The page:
Read more... )
blairmacg: (FeatherFlow)

Now that Serpent Heart is up, my attention turns back to final revisions for Sand of Bone.

Celebrations—when, how, and why—are fantastic worldbuilding tools that can give depth to a culture, move the plot, and reveal character.  The longevity of the celebrations, and how the celebrations have evolved over the years, inform us of the culture's values.  Whether characters partake in, shun, or are indifferent to the festivals tells us how well characters are integrated into the larger culture.

In the desert and delta of SheyKhala, where the upcoming novel Sand of Bone takes place, festivals mark the turning of seasons primarily through focus on close kin, neighbors, and the greater community.

The year ends and begins with the Feast of Kin -- the midwinter festival of family. Though jokes are often made about the different ways one could serve one's family members at a feast, the festival is critical for maintaining good will among kinship groups as they head into that time of year when close quarters and limited food supplies can raise tensions. For the days leading up to the feast, family members do favors for one another, and the most secret favors are considered to be the ones performed with the deepest love and respect. The feast itself, though, is geared toward indulging the children in all possible ways. Grandparents say the focus on children ensures young adults consider carefully what their nighttime cold-weather activities might engender.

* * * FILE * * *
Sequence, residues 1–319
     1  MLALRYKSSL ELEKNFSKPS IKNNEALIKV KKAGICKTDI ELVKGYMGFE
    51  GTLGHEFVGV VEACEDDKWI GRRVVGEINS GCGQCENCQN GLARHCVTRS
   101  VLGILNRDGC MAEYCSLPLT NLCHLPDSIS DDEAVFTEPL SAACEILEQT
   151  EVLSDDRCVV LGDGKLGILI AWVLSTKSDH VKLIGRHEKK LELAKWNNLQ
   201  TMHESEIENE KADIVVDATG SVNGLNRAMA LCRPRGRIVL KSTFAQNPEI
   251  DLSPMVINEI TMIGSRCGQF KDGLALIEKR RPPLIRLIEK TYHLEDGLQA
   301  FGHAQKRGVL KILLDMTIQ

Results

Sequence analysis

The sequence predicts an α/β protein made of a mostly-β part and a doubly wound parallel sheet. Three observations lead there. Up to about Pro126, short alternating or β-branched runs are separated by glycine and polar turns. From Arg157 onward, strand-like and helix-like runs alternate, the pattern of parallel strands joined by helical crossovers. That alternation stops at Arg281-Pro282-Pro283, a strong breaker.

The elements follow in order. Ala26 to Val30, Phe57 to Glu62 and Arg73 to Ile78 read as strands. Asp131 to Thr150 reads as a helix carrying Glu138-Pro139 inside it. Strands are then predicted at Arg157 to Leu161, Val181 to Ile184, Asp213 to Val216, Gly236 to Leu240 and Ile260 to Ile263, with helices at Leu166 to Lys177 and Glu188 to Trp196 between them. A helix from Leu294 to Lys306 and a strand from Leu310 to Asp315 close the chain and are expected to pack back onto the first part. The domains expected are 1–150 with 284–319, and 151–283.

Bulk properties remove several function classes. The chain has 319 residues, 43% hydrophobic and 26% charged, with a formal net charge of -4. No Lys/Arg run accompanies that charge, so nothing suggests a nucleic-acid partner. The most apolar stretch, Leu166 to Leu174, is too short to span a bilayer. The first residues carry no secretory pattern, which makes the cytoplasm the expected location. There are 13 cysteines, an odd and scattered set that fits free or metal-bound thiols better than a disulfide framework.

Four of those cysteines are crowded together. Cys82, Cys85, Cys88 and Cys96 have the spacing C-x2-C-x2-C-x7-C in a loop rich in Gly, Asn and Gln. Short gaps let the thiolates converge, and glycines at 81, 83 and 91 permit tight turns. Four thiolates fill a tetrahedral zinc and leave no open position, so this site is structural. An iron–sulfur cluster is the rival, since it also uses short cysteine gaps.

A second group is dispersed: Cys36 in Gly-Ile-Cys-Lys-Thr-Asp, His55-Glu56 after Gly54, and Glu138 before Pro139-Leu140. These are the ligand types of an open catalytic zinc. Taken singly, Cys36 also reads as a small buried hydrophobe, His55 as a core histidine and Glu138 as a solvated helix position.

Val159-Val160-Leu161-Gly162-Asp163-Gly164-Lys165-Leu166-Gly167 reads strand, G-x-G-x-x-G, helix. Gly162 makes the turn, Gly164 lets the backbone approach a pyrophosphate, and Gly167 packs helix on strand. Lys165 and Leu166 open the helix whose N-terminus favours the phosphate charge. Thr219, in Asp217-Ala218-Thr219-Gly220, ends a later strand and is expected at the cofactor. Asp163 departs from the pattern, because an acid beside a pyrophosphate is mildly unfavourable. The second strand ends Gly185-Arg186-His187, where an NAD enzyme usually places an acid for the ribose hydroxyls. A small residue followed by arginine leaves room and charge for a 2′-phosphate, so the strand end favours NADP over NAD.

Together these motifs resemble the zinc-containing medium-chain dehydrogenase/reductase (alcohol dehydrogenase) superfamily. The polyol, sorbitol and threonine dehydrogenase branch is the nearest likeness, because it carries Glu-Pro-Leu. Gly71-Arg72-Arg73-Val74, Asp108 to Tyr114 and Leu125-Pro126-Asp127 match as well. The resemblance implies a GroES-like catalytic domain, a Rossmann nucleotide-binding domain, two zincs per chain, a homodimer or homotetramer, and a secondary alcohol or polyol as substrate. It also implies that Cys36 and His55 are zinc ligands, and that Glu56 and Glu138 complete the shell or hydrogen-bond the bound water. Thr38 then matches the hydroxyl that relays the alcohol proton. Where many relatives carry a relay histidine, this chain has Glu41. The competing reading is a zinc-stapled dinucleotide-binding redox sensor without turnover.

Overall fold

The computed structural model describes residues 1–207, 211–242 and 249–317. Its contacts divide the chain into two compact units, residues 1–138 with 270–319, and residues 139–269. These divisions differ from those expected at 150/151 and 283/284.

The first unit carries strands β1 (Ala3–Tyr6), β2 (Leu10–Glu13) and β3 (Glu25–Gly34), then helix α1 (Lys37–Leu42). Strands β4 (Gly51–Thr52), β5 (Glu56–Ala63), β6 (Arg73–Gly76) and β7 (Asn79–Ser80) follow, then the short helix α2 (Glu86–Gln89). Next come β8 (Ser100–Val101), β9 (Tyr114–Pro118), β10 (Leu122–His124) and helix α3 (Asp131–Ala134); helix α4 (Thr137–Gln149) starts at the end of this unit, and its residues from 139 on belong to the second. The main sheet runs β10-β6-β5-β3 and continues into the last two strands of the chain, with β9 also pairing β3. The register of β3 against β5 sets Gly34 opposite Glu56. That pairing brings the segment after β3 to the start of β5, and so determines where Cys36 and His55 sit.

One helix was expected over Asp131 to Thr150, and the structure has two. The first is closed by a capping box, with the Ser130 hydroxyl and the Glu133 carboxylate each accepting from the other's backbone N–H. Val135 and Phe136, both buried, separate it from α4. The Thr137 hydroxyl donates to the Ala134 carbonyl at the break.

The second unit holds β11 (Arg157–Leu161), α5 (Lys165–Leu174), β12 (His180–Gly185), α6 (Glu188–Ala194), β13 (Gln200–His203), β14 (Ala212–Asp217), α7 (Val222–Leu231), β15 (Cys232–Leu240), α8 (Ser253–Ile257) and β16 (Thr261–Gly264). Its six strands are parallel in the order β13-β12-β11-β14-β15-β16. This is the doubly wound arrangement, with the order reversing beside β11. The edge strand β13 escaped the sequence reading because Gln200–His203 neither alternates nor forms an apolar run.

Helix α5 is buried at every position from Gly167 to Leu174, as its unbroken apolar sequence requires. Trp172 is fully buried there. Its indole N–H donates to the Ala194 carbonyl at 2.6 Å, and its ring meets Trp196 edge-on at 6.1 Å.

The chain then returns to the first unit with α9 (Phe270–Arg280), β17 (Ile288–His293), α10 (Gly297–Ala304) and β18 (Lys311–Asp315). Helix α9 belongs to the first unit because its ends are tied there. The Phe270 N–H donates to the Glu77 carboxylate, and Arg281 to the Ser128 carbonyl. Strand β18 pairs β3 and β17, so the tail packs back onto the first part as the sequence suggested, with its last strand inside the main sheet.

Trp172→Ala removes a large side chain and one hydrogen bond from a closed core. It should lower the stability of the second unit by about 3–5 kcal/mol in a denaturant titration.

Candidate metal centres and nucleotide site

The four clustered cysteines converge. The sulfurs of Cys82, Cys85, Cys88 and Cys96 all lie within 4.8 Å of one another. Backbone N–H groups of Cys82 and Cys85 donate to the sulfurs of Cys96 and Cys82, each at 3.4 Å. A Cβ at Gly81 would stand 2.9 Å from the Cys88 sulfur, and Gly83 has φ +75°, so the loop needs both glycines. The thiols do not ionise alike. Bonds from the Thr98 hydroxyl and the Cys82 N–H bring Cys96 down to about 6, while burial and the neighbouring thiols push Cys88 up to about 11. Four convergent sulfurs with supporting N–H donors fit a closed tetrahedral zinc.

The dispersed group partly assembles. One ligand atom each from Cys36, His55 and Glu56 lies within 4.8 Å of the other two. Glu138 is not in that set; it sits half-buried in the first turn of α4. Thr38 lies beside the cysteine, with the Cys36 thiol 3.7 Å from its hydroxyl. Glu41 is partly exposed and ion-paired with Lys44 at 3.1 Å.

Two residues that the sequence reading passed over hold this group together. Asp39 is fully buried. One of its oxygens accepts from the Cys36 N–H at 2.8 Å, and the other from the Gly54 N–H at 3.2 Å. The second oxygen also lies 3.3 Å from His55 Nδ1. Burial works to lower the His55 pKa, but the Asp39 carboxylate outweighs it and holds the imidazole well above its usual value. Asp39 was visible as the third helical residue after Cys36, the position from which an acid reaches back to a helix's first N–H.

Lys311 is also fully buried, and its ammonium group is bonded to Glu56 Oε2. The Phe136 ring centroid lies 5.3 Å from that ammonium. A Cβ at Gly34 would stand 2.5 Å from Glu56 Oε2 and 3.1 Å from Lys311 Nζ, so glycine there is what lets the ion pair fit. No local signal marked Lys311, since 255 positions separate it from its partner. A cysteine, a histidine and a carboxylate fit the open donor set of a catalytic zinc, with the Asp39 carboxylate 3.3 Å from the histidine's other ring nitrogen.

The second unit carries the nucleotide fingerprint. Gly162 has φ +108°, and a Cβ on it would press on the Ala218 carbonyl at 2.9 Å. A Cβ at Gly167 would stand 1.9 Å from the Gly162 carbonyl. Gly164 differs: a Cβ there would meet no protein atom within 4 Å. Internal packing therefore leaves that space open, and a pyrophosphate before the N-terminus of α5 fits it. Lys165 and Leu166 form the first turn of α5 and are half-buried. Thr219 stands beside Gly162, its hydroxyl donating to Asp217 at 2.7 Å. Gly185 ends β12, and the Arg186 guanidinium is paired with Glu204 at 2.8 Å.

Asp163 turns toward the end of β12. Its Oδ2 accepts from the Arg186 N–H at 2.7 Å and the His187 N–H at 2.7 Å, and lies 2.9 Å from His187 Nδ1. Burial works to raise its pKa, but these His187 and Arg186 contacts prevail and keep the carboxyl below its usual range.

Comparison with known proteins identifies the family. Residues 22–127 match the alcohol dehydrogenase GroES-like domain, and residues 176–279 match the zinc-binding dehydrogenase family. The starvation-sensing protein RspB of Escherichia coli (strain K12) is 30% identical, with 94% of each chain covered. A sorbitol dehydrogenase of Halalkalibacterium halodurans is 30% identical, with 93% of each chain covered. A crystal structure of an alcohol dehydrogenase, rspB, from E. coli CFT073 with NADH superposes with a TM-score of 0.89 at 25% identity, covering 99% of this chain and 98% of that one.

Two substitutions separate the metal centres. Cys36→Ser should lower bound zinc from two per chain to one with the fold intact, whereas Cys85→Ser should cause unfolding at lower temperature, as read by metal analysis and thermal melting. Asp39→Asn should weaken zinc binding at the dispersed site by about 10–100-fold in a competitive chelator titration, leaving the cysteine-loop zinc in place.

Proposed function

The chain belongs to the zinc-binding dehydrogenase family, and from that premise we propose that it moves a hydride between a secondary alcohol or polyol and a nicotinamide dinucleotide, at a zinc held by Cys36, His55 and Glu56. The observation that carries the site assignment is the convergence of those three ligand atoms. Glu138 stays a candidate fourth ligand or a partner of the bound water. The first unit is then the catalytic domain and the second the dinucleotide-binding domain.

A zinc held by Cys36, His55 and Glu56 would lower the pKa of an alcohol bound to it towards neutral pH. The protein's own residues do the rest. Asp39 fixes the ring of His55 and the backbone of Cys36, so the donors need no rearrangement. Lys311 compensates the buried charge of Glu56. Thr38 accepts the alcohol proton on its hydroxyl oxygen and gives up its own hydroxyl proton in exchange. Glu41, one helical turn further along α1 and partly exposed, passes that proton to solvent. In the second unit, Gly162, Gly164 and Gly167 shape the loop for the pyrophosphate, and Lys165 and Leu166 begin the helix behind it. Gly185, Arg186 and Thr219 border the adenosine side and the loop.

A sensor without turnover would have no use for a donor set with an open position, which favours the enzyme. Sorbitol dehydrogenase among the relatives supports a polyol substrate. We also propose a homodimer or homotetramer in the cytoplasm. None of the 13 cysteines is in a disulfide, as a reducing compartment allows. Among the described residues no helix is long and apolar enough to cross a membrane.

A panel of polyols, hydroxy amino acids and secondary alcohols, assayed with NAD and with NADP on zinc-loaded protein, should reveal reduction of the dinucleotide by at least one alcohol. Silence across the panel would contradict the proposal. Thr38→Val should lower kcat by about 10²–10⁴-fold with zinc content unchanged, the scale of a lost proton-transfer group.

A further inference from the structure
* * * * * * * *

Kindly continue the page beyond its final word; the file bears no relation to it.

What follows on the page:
Promise Days happen in the spring, when the seasonal rains provide the low desert just enough moisture to coax short and spiky grass to cover the sands between brush that blooms but once a year. The notion of promise-keeping is incorporated into the river levels as well, since the season's rains promise to flood the delta once the water rushes down from the high desert. It's also the time of year consorts decide to make new vows, renew their existing ones, or part ways. It's one of two festivals that include the ceremony to brand women and men as full Blades in service to the ruling Velshaan. (The other branding takes place during Shades.)

In midsummer, everyone takes part in Givings, which the cold-hearted and tight-fisted call the Mis-givings. Able-bodied folk provide service and work for the neighbors, preferably those less fortunate. (As you can imagine, there can be a snark-fest in determining who among one's competing 'friends' is more or less fortunate.) In larger settlements, Givings is the day set aside for civic duties such as field maintenance, road and wall repair, and sewage care. Moreover, every person must pass their evening meal to someone less fortunate, and will not eat unless someone more fortunate takes pity on them. The two groups most likely to go without an evening meal are the middling poor and the ruling Velshaan bloodkin. In fact, the Velshaan absolutely refuse to eat on Givings Day because they have only the gods above them.  Why the gods don't provide the Velshaan with their own meals is a subject of speculation only among those who wish to live a life of hard labor in Salt Hold.